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Let me ask you a few questions: Are you tired of getting next to nothing in interest from your savings at a bank? Do you have cash that you don’t need to spend in the next three to ten years? Do you want to preserve your principal and get regular income at the same time without taking on too much risk?

Owning bonds might be a good option for you.

I was recently looking at research that shows what type of investments women own in Asia. I was surprised to see that owning bonds ranked very low relative to stocks, in spite of many women saying they didn’t like taking on a lot of risk. Perhaps it’s because they feel bonds are not “sexy” enough, or they are too complicated to understand. Bonds may be boring but there’s nothing unsexy about the potential to grow your wealth safely. And, by learning a few basics, you can incorporate bonds into your investment portfolio.

So, let’s start with the essentials.

What are bonds?

You’ll often hear bonds being referred to as debt or a debt instrument. A bond is a type of loan – but instead of you owing the bank money for say, a mortgage in the future, you’re the one who acts like the bank (the lender or creditor). So, you loan money to a company, a city or the government – and they promise to pay you back the funds you lent in full, plus interest at some point in the future.

You enter into a contract that determines how much you’re lending, for how long, and for how much interest in return and when that interest will be paid.

There are many reasons why a company or the city or government needs to borrow money. A corporation might issue a bond and use the money to invest in the growth of the company; a city might use the money to build roads, and the government typically issues bonds to pay for expenditures that taxes can’t cover.

How do bonds work?

Let’s say a company (I’ll call it Shu) needs to raise $100 million to build a new factory. Shu is a fairly well-known and stable company. After doing some homework, it’s decided that it will have to pay a 5% interest rate to attract investors and entice them to lend it money for 10 years.

  • The 5% interest rate is also known as the “coupon rate”
  • Shu will issue bonds in $1000 denominations, known at the “par value”

This means that investors will get $50 every year (5% x $1000) for the next 10 years, and also get the $1000 dollars back if they hold the bond until maturity.

A lot of investors mistakenly think that they have to hold onto the bond until it matures, however that’s not the case. You can buy and sell bonds on the open market the same as you’d do for stocks. In doing so, you need to recognise that the price will fluctuate so will move either above the $1000 or below it.

So what determines the price of the bond before maturity?

Interest rates have probably the biggest impact on the prices of bonds. As interest rates rise, bond prices fall. This is because when rates go up, new bonds that are issued by Shu Company will need to pay its investors higher rates. So the existing bonds with lower rates will be less valuable. If rates go down, than your bond is worth more relative to newer bonds and therefore more valuable. You can sell it at a higher price than what you bought it for in the open market in this case.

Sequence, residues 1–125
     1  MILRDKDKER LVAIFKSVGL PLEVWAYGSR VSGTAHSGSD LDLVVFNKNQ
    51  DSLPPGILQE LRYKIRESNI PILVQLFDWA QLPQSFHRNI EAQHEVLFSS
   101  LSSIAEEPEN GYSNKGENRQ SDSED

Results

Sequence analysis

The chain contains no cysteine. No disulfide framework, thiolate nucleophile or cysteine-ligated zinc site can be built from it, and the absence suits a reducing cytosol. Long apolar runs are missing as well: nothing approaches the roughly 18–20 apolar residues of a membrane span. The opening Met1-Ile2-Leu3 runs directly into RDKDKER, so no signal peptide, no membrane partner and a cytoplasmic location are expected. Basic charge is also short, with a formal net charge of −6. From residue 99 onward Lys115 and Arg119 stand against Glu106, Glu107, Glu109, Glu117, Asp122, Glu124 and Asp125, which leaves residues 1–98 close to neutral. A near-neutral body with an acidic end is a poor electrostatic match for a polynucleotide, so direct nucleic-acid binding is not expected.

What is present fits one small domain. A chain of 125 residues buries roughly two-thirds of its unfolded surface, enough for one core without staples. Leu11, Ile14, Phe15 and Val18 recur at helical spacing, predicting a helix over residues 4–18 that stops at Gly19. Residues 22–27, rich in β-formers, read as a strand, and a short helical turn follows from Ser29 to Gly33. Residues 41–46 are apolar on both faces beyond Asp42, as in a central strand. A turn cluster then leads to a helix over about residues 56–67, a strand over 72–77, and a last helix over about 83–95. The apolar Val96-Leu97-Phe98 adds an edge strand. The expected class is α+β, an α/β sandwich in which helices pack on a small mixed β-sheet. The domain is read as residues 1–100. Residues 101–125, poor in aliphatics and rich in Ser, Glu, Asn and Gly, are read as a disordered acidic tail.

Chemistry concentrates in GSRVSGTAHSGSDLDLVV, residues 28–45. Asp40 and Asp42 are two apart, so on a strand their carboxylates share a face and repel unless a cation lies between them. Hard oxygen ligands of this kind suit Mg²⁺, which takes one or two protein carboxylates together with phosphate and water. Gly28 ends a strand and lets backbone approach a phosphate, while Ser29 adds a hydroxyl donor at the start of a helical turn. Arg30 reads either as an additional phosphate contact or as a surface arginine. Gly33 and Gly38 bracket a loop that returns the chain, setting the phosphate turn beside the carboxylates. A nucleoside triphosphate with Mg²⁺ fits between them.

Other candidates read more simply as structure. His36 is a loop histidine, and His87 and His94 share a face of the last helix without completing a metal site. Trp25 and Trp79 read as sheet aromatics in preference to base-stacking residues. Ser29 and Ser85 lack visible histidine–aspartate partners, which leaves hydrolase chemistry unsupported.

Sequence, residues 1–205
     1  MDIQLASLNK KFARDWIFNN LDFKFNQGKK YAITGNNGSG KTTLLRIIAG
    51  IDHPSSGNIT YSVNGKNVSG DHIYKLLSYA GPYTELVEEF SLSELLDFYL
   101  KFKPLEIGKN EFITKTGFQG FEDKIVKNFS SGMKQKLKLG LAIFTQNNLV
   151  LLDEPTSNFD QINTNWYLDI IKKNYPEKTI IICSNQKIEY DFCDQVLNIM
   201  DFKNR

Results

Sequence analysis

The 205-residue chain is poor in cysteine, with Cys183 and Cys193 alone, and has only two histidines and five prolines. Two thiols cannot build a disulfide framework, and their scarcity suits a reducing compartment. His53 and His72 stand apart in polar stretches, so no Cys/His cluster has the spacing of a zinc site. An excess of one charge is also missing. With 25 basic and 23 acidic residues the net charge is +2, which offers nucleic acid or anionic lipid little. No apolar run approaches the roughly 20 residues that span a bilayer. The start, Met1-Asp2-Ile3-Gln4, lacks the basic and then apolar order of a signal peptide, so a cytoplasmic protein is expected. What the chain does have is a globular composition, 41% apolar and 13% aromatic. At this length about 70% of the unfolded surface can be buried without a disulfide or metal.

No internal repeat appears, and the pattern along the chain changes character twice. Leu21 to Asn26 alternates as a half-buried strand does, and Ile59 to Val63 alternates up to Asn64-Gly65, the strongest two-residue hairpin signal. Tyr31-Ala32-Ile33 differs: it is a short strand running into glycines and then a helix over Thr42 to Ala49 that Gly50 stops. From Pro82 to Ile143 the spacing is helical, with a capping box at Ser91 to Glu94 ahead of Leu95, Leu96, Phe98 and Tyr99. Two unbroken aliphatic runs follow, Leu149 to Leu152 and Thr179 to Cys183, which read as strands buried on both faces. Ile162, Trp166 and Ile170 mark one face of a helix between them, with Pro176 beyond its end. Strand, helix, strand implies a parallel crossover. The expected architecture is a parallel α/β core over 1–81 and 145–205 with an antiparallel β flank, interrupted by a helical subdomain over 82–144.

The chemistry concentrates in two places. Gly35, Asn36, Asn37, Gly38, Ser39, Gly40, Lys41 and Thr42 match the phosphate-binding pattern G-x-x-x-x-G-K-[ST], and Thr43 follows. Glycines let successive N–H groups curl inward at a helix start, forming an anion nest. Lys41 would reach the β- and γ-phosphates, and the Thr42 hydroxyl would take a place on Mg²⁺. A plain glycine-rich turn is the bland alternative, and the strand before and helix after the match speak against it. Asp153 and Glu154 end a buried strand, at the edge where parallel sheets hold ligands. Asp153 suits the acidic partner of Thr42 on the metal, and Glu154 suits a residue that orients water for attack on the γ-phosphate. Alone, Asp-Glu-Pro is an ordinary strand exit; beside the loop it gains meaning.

There’s also another factor to consider. Suppose interest rates stay the same but Shu company has run into a bit of difficulty after you’ve bought the bond (for example, it’s not selling as many products because the economy is in a recession). If you wanted to sell your bond at this point, the buyer will demand a higher rate for taking on more risk.

Remember, the original contract is still for a coupon rate of 5% and that doesn’t change. So to compensate, you may have to sell the bond for less – say for $850.

  • $50 coupon/$850 = 5.9% – the new rate the new investor gets
  • You lose $150 ($1000 purchase price less $850 selling price)

Now of course, if you hold the bond until maturity, you’ll get the $1000 so it doesn’t matter if the price fluctuates.

What are the risk and rewards of bonds?

The above explains some of the risks bond investors face if they decide to sell the bond before maturity (i.e. interest rate risk)

There is also credit or default risk. Remember that you’ve entered into a contract with the borrower who has promised to pay you interest and your principal back at the end of the term. If the borrower is the government or a city, it’s very, very unlikely you’ll have any issues. If it’s a company, the bonds it issues is dependent on its ability to repay that debt. So investors need to consider the possibility of default and factor this into their purchase decision. There are rating agencies and analysts who calculate this type of risk. So before you buy, do some research or ask your advisor about his/her recommendation.

On the flip side, there are many reasons why bonds make sense for your portfolio. It can provide security and predictability in income – which is increasingly important the closer you are to retirement or if you’re in retirement. Bonds, like stocks are an asset class that should be part of a diversified portfolio, and it can provide a higher interest rate than just parking your money in a bank account.

Do you own bonds and if not, why? What do you want to know more about bonds? Send me your questions and feedback. I’d love to hear from you.

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